Subsidies to reduce emissions may be part of plan for $100 million to improve Utah's air

Governor Herbert's 2019 budget proposal includes $100 million to improve Utah's air — up from $850,000 in 2018. (Photo: KUTV)

Governor Gary Herbert’s budget recommendation calls for $100 million to be spent on improving Utah’s air quality during the next fiscal year.

Plans for how that money would be used have not yet been drafted, but the governor voiced support Thursday morning for providing subsidies to replace wood-burning stoves.

“For really a nominal amount of money, it’s a few hundred to a few thousand dollars, we make a significant difference over the pollution that goes, particularly during inversion time,” Herbert said.

Alan Matheson, who leads the Utah Department of Environmental Quality, called the funding proposal a “significant commitment to air quality,” adding “$100 million is far more than this state has ever seen.”

Last year, Herbert proposed about $850,000 related to air quality, mostly for research.

Matheson said some ideas for the money include replacing high-emitting lawnmowers and snowblowers in addition to “off-road diesel equipment that’s especially dirty, locomotives, things that are significant contributors to our pollution, but without a subsidy, wouldn’t be able to be transferred out of our airshed.”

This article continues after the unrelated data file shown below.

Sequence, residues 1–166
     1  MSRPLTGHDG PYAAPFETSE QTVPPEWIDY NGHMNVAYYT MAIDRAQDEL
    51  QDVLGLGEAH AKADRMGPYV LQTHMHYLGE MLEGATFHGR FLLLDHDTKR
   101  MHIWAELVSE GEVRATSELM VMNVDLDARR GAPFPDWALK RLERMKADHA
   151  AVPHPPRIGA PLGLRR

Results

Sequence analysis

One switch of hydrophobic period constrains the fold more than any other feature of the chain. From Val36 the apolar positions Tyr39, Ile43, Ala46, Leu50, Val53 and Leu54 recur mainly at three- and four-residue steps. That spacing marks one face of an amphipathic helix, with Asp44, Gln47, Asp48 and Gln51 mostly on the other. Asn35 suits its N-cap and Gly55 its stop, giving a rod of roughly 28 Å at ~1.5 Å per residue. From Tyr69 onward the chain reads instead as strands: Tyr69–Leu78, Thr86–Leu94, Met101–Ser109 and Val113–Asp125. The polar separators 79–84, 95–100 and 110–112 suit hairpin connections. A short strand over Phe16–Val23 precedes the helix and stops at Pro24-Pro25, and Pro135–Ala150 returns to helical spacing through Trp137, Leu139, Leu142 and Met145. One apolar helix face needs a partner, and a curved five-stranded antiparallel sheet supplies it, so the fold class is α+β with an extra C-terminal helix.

Kerry Kelly, an assistant professor of chemical engineering at the University of Utah who also serves on DEQ’s clean air policy advisory board, said subsidies for getting older cars off the roads would reduce emissions.

“Typically these oldest engines and oldest vehicles are the most polluting,” Kelly said, “so coming up with incentives or strategies to get rid of those.”

Their ideas are simply that right now — ideas, as DEQ has not yet come up with plans for the funding. Lawmakers would have to approve the $100 million as part of the budget.

“There’s a lot of areas we can put that money into helping clean up the air,” Herbert said, “and it will be data- and science-driven.”

Matheson pointed out progress, saying people in Utah produced 38 percent fewer emissions in 2017 compared to 2002, despite hundreds of thousands more people moving into the state. He said the $100 million would allow even more progress.

Kelly characterized the funding as “a great start.”

“I think it is likely to move the needle a couple percent,” she said, “which doesn’t sound like a lot but when you’ve looked at this problem for 10 years, and you see people get really excited if you can make improvements by like 0.1 percent, I think this could make a big difference.”

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